Differences in the distribution of secondary metabolites over a plant can be considerable. Five-fold differences between different plant parts were observed in PA content of S. vulgaris (Hartmann & Zimmer, 1986) and Cynoglossum officinale (Van Dam et al., 1995b). Most data reported on this subject concern detailed studies of above-ground plant parts and it is unknown whether the same variation in secondary metabolite concentration will be found below-ground. This may have considerable effect on the defence of the root tissue against insects, fungi, nematodes and bacteria, which is essential for survival to the flowering stage. The older, basal root parts may also be used for storage of PAs. Optimal defence theory predicts that the level of defence in plant parts is related to the importance of that plant part for fitness (Rhoades, 1979). We therefor expect high concentration in the root tips, which are important for root growth.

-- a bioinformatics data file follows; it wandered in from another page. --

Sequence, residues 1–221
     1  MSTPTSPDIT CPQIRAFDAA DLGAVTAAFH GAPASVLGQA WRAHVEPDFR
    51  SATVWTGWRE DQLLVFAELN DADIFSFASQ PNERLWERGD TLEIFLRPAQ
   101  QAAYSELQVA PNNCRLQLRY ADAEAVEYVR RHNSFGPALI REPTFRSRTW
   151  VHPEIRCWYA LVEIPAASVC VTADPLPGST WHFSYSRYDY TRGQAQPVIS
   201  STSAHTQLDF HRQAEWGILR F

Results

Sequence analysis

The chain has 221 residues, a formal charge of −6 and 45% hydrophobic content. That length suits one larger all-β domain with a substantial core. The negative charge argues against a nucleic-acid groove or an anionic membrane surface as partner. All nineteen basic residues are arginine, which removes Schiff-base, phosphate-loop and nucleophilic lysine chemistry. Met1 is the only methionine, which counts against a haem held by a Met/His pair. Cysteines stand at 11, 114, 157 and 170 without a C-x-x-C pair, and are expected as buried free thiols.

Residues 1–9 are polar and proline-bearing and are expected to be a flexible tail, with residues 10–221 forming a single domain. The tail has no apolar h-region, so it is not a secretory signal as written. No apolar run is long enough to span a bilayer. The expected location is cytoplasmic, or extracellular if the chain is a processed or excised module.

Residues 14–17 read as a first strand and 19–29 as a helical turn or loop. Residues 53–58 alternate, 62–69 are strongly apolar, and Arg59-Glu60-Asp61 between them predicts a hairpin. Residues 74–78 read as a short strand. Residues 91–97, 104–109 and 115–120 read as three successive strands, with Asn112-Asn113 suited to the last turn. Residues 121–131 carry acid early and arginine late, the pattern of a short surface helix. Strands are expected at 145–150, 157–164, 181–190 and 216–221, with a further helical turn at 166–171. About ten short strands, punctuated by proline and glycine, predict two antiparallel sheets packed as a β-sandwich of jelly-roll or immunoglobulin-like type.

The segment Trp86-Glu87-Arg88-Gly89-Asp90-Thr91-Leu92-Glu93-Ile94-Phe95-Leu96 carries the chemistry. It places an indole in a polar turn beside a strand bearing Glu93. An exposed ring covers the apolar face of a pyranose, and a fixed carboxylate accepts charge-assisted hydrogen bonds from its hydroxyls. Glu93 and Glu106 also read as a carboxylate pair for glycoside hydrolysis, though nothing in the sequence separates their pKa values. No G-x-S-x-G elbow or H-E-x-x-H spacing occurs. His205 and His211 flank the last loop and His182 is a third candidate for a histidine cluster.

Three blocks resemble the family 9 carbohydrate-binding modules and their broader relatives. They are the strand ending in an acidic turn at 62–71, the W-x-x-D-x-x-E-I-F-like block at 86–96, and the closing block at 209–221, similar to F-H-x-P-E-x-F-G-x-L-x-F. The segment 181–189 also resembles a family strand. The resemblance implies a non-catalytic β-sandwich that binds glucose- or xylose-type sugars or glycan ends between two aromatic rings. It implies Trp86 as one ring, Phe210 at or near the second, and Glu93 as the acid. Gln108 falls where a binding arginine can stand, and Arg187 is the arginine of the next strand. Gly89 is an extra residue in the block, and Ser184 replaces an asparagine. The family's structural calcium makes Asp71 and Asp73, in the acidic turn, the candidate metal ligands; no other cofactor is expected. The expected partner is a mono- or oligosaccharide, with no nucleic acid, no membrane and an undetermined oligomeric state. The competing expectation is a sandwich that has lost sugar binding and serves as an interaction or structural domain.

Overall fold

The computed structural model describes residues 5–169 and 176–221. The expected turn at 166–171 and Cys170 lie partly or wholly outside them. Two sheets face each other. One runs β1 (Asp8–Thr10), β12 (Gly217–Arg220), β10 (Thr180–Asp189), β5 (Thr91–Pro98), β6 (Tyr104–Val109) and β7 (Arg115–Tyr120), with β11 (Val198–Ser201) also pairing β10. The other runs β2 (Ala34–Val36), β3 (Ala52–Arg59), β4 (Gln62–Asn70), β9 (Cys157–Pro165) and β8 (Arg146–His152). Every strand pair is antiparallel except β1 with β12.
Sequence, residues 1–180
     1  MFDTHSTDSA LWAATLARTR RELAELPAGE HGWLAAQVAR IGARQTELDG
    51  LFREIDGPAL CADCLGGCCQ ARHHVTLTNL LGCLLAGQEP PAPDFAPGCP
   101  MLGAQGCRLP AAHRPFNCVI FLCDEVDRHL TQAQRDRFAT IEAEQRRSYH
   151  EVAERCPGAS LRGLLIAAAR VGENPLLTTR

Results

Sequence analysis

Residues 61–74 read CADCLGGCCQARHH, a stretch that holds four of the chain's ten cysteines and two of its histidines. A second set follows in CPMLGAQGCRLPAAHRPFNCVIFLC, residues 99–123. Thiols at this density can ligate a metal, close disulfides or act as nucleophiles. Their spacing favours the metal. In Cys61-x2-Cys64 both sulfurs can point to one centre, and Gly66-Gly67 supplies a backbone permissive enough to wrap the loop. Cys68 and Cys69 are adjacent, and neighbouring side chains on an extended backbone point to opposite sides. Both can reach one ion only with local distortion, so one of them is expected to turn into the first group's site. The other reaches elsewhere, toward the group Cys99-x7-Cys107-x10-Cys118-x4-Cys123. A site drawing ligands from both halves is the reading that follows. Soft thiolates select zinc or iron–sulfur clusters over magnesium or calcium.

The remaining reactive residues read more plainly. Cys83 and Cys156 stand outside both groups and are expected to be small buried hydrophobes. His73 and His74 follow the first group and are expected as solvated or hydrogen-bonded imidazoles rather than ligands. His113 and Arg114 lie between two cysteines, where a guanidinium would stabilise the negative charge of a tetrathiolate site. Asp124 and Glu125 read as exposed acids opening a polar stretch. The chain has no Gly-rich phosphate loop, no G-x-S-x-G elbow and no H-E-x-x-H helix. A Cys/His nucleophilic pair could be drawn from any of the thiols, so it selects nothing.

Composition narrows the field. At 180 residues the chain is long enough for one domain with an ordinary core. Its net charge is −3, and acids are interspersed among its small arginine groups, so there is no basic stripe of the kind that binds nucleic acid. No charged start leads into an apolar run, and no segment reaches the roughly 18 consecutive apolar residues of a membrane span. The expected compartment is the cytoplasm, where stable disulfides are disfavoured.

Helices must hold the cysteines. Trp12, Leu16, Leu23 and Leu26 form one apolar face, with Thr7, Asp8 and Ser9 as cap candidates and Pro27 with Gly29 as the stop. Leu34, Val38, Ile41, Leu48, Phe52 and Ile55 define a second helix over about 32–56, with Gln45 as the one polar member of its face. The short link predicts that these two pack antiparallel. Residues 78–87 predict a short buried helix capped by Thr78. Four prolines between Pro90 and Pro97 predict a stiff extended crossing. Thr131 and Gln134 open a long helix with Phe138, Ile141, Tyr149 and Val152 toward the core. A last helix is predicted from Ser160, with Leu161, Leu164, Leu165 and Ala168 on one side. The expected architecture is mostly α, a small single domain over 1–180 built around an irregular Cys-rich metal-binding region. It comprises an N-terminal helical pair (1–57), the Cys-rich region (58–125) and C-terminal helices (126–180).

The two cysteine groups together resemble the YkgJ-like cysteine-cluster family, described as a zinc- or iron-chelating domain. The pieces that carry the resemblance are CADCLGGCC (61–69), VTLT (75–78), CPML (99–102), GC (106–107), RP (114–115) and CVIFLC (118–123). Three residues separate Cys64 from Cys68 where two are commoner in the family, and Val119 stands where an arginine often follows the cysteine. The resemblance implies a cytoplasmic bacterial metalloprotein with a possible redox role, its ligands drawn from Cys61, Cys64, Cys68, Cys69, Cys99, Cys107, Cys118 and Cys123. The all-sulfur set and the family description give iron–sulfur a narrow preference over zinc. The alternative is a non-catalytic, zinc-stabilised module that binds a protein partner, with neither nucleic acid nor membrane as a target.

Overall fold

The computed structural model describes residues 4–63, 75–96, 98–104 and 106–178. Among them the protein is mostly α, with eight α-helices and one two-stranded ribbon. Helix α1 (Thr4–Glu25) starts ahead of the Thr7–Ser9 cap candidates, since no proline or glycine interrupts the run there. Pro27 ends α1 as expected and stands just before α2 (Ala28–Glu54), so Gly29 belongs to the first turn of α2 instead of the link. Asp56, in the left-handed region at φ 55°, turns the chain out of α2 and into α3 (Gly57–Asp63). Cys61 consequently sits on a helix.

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Decreasing PA concentrations in roots and shoots with increasing nutrient-supply appear to result from a diluting effect. Increasing nutrient supplies increased plant biomass, while PA production remained constant. Other studies on the response of plants to nutrient addition found significant changes in concentration of secondary metabolites (Iason & Hester, 1993; Höft et al., 1996; Baricevic et al., 1999; Salmore & Hunter, 2001). However, statistical analyses suggest that changes or differences in concentration of allelochemicals can sometimes be explained by changes in tissue biomass only (Koricheva, 1999). Thus, changes in concentration may not result from changes in production, but from dilution or concentration due to enhanced or reduced growth in the whole plant or plant parts.
It is unclear whether the same effect may be expected in flowering plants. Brown & Molyneux (1996) did not find an effect of nutrient deficiency on PA concentrations. Both flowerhead tissue biomass and total amount of PAs increased with nutrient supply, while concentrations remained constant. However, they only measured PAs in flowers and therefore it is not certain whether this reflects a change in total PA production in the plant, or only a change in allocation to the flowerheads in order to compensate for the dilution effect. In an experiment where resource availability to individual plants was controlled, Vrieling & Van Wijk (1994a) found no effect of N or P limitation on PA concentration.